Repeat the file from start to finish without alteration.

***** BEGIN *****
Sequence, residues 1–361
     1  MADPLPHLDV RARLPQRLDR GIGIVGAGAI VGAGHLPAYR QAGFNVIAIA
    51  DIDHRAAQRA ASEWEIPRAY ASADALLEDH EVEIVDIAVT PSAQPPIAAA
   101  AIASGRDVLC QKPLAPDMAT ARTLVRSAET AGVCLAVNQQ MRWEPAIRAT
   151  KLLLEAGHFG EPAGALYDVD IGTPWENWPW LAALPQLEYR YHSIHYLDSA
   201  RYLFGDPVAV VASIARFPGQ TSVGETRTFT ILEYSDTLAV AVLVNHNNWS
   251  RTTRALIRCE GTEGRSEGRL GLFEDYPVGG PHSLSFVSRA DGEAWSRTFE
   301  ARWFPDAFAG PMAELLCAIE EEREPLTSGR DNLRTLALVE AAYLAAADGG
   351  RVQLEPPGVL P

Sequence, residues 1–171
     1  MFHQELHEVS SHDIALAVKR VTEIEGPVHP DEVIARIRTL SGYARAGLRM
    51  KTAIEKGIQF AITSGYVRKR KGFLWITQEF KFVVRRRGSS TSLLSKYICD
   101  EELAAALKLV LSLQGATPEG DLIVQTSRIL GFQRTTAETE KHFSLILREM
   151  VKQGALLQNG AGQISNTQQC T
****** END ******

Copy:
Sequence, residues 1–361
     1  MADPLPHLDV RARLPQRLDR GIGIVGAGAI VGAGHLPAYR QAGFNVIAIA
    51  DIDHRAAQRA ASEWEIPRAY ASADALLEDH EVEIVDIAVT PSAQPPIAAA
   101  AIASGRDVLC QKPLAPDMAT ARTLVRSAET AGVCLAVNQQ MRWEPAIRAT
   151  KLLLEAGHFG EPAGALYDVD IGTPWENWPW LAALPQLEYR YHSIHYLDSA
   201  RYLFGDPVAV VASIARFPGQ TSVGETRTFT ILEYSDTLAV AVLVNHNNWS
   251  RTTRALIRCE GTEGRSEGRL GLFEDYPVGG PHSLSFVSRA DGEAWSRTFE
   301  ARWFPDAFAG PMAELLCAIE EEREPLTSGR DNLRTLALVE AAYLAAADGG
   351  RVQLEPPGVL P

Sequence, residues 1–171
     1  MFHQELHEVS SHDIALAVKR VTEIEGPVHP DEVIARIRTL SGYARAGLRM
    51  KTAIEKGIQF AITSGYVRKR KGFLWITQEF KFVVRRRGSS TSLLSKYICD
   101  EELAAALKLV LSLQGATPEG DLIVQTSRIL GFQRTTAETE KHFSLILREM
   151  VKQGALLQNG AGQISNTQQC T